Sony Back in Black on Cheap Yen, Healthier Sales



Sony Corp. is back in the black for its fiscal fourth quarter, recording a 93.9 billion yen ($948 million) profit, with big help from a weaker yen that boosts overseas earnings.

The Japanese electronics and entertainment company also dragged itself back to profitability for the fiscal year ended March 31, following four straight years of red ink.

On Thursday, it reported annual earnings of 43 billion yen ($434 million), a reversal from a loss of 457 billion yen ($5.7 billion) the previous year – the worst in the company’s nearly seven-decade history.

Tokyo-based Sony expects the recovery to continue, and projected a 50 billion yen ($505 million) profit for the fiscal year through March 2014, up 16 percent.

A weak yen helps Japanese exporters, and the dollar has gained 20 percent against the yen in recent months.

The favorable exchange rate is expected to continue in the coming months, because of the policies of Prime Minister Shinzo Abe, who took office last year.

Sony had sunk to a 255.2 billion yen loss for the January-March period in 2012, slammed by its money-losing TV business and competition from rivals Apple Inc. and Samsung Electronics Co.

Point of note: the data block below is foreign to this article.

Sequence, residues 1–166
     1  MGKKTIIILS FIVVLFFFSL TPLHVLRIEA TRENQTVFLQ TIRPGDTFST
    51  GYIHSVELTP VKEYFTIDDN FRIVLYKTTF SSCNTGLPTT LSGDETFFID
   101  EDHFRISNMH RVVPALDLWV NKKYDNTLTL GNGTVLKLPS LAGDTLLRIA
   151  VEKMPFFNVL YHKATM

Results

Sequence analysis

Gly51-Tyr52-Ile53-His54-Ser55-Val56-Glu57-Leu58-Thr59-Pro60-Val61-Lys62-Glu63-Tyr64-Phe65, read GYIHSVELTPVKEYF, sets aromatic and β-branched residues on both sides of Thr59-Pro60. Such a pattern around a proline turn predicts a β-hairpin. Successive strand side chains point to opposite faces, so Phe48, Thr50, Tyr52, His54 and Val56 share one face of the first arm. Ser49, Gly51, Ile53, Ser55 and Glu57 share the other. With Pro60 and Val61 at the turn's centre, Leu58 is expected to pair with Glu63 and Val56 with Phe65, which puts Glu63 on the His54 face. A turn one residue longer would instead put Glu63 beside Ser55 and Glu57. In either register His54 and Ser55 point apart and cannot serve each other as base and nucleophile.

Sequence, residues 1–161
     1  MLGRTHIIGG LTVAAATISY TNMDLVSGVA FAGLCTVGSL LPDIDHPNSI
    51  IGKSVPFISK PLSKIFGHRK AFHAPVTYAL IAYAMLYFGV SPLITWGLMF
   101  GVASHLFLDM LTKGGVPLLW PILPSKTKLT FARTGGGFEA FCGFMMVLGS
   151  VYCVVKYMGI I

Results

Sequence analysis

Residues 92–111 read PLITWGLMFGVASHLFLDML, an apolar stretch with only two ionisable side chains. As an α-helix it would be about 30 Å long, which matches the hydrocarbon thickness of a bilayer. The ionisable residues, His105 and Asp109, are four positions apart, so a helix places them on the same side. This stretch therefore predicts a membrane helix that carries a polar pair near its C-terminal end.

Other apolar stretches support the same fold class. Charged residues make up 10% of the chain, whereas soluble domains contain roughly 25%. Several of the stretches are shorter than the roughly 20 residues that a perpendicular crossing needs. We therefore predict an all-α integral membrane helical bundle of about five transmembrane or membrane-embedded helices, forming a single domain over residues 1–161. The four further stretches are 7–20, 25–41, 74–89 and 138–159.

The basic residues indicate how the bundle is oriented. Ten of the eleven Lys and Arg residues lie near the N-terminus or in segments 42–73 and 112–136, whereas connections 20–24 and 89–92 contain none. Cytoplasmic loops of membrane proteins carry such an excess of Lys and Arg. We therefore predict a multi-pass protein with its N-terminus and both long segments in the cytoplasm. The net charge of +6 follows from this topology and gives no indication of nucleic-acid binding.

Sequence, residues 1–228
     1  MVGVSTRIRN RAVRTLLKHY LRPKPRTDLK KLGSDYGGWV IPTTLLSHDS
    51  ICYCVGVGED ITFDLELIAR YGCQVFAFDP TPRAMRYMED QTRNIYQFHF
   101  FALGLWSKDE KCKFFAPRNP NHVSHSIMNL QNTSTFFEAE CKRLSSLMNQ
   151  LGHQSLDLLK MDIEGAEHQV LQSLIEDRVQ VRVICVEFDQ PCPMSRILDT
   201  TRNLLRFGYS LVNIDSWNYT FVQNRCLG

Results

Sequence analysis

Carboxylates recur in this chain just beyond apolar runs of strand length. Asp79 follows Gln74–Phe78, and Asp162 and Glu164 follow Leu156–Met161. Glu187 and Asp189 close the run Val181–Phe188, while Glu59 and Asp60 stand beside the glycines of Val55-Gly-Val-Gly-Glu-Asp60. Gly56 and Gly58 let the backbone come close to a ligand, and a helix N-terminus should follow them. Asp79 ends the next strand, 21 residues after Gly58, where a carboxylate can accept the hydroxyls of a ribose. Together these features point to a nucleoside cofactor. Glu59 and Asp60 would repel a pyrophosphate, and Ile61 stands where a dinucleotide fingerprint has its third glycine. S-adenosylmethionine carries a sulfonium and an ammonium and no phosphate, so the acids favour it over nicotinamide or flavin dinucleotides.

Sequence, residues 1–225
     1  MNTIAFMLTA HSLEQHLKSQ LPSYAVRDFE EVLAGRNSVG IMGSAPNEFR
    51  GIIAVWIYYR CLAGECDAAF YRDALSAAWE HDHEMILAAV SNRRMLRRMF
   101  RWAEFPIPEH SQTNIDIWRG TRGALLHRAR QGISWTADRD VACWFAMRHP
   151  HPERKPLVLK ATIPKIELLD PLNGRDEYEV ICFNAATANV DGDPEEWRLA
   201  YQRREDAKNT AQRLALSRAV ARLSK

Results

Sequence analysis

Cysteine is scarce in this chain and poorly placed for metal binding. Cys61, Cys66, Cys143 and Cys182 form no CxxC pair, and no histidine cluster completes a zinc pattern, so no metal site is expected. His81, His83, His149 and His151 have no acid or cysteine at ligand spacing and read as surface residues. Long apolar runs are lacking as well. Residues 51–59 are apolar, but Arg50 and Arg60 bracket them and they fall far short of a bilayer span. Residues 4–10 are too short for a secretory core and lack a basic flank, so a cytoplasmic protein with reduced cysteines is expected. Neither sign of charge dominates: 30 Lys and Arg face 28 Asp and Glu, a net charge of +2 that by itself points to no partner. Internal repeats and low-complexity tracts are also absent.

Sales for the January-March period rose 8 percent to 1.7 trillion yen ($17 billion), mainly from a favorable currency rate.

Sony’s annual earnings were better than its own forecast of a 40 billion yen ($404 million) profit, and that of analysts surveyed by FactSet at about 33 billion yen ($333 million).

In an effort to achieve a turnaround, Sony has been shedding jobs and selling assets and parts of businesses in recent years.

The brand has lost much of its glamour as the maker of the Walkman portable music player, a pioneering product, as well as the PlayStation game console, once a must-have for holiday shopping.

Chief Financial Officer Masaru Kato said that despite the return to profitability, the company’s electronics sector, including camcorders and digital cameras, was struggling compared to its entertainment projects.

“We must answer to the challenge of making our electronics business profitable, no matter what,” he said.

The recent weaker yen, which will make Sony products cheaper abroad, was almost certain to work as a big plus, and Kato welcomed it.

Sony gained 182 billion yen ($1.8 billion) in its sales and operating revenue for the January-March quarter due to favorable exchange rates.

Sony is doing better in its mobile-phone business with its Xperia Z, which went on sale earlier this year. Sony had fallen far behind rivals like Samsung and Apple in smartphones.

Sony sold its U.S. headquarters building on New York’s Madison Avenue in January, as well as other buildings in Tokyo. It sold stocks in Japanese game maker DeNA.

It also ended its liquid-crystal display venture with rival Samsung, while inking a new capital alliance with Japanese electronics and camera maker Olympus Corp. to strengthen its medical equipment business.

Still, some analysts say catching up and selling assets isn’t enough, and Sony needs to come up with a more unique product.

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